Tory election posters '˜exploited nationalist hostility'

They were the notorious images that many believe set David Cameron on the road to a majority government, sealed Ed Miliband's fate as Labour leader, and made an in/out referendum on the UK's EU membership inevitable.

A family walk past a Conservative Party campaign poster in Colne, northwest England

They were the notorious images that many believe set David Cameron on the road to a majority government, sealed Ed Miliband’s fate as Labour leader, and made an in/out referendum on the UK’s EU membership inevitable.

Now one of the architects of the Brexit victory has accused the Tories of “exploiting nationalist hostility” during the 2015 general election with an series of posters targeting the prospect of a Labour-SNP pact.

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Dominic Cummings, who came to prominence as special adviser to then-education secretary Michael Gove, was director of the official Leave campaign, and is credited with developing some of its key messages, including the infamous pledge of £350m in extra funding for the NHS and the warning that Turkey’s accession to the EU would see millions of its citizens flood into Britain.

The media-shy strategist, who is known for looking to Ancient history and the career of Otto von Bismarck for political inspiration, broke cover this week to defend his campaign against claims it unleashed a wave of irrational populist emotion and played on fears of immigration, accusing critics among senior ranks of his own party of hypocrisy.

Buried in a 20,000 word blog post, Cummings ridicules former Chancellor George Osborne by recalling the campaign the Tories waged in 2015, aimed at raising fears among English voters that Miliband’s Labour Party could do a deal with the SNP in the event of a hung parliament.

One poster showed Mr Miliband in Alex Salmond’s pocket, while another showed the former First Minister picking someone’s pocket.

In the essay, Cummings dismisses the idea that “the great rationalists Cameron and Osborne – they of Project Fear and their comic ’emergency budget’, and in 2015 the pictures of Salmond picking pockets designed successfully to persuade the English that the Scots would steal their money – were undone by a great surge of ’emotion’.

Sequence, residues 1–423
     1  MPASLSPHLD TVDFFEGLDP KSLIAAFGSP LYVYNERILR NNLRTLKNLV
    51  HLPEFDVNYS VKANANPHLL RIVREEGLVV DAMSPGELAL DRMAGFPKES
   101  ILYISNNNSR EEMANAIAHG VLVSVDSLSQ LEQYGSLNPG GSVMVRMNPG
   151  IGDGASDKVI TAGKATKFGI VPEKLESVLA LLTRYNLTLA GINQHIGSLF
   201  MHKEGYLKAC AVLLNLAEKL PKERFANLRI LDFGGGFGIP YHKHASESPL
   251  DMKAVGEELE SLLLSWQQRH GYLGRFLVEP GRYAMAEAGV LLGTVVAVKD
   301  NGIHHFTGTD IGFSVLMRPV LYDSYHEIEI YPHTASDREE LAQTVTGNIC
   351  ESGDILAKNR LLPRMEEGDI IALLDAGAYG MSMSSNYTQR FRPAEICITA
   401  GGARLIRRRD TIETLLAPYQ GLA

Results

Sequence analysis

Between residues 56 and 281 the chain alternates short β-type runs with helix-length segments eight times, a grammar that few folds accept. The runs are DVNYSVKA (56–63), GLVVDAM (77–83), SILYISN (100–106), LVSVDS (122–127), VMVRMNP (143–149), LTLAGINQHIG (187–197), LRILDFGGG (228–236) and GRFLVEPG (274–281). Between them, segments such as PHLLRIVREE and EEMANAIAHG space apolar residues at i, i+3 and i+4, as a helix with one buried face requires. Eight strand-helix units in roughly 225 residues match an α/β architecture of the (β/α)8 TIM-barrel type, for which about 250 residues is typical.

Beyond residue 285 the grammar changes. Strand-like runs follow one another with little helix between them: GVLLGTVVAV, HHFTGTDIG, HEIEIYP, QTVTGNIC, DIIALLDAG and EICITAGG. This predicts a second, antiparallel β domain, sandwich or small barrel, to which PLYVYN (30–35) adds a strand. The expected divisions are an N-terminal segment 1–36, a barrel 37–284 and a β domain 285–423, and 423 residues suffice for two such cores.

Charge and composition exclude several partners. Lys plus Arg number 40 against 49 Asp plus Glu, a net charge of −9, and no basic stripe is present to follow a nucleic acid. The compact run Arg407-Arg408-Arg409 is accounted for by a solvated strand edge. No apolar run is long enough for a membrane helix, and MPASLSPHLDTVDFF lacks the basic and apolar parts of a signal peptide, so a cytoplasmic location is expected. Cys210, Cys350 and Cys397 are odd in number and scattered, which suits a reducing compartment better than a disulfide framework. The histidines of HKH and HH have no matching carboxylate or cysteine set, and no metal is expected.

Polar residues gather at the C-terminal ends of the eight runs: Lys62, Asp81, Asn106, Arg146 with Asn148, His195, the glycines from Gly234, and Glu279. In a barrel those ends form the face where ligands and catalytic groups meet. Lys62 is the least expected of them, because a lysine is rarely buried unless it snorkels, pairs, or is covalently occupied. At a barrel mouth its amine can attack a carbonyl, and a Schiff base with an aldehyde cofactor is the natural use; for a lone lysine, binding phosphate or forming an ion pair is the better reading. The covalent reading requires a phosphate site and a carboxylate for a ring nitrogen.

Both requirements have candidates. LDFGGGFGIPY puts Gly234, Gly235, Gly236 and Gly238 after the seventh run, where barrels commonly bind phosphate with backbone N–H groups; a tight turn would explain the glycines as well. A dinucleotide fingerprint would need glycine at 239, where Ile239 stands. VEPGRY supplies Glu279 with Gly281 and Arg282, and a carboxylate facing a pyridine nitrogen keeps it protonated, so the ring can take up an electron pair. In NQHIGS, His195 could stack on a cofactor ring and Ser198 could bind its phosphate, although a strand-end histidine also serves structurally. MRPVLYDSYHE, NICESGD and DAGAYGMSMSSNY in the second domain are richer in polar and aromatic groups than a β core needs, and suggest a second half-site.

“Osborne is taking this delusion so far he is writing a book titled ludicrously ‘The Age of Unreason’.

“When you lose and you blame it on millions of people being overtaken by ‘unreason’ – after previously winning by exploiting nationalist hostility – it’s a sure sign that you are the one not reasoning straight and able to face your errors.

“For the likes of Osborne it is ‘irrational’ to reject the views of people like him. For most of us, people like Osborne are not experts to be trusted – they are charlatans not to be taken seriously.”

Scottish Labour’s Westminster spokesman Ian Murray MP, who last week accused Theresa May of being “as big a threat to the Union as the SNP” by pushing for a hard Brexit, agreed with Cummings’ view of the 2015 campaign.

“Dominic Cummings is right to highlight the utter hypocrisy of a Tory Party that has cynically exploited nationalist tensions to serve their own ends, instead of the country’s,” Murray said.

“The Tories put the union at risk with a divisive general election campaign that set Scotland versus England.

“When even Dominic Cummings – the man behind the campaign which shamefully played on fears around immigration and outright lied about NHS funding – accuses you of exploiting nationalist hostility then you should stop and think.”

Ahead of a major speech on Brexit by the Prime Minister on Tuesday, Murray added: “The fact is that at every turn since the 2014 referendum, the Tories have put the future of the UK at risk: from the constitutional wrecking ball of English Votes for English Laws, to two divisive election campaigns, and the reckless Brexit gamble.

“Scots who voted both Yes and No want to move on from arguments of the past, but instead Theresa May continues to fuel the divisions the SNP thrives on, allowing Nicola Sturgeon to restart her campaign for independence.”

A spokesman for the SNP said: “The Tories disgraceful negative campaign posters showed how nervous they were about the people of Scotland returning a strong team of SNP MPs.

“They knew that would mean Scotland’s voice would be heard at Westminster in a way the Tories and Labour parties had failed to do for years.’’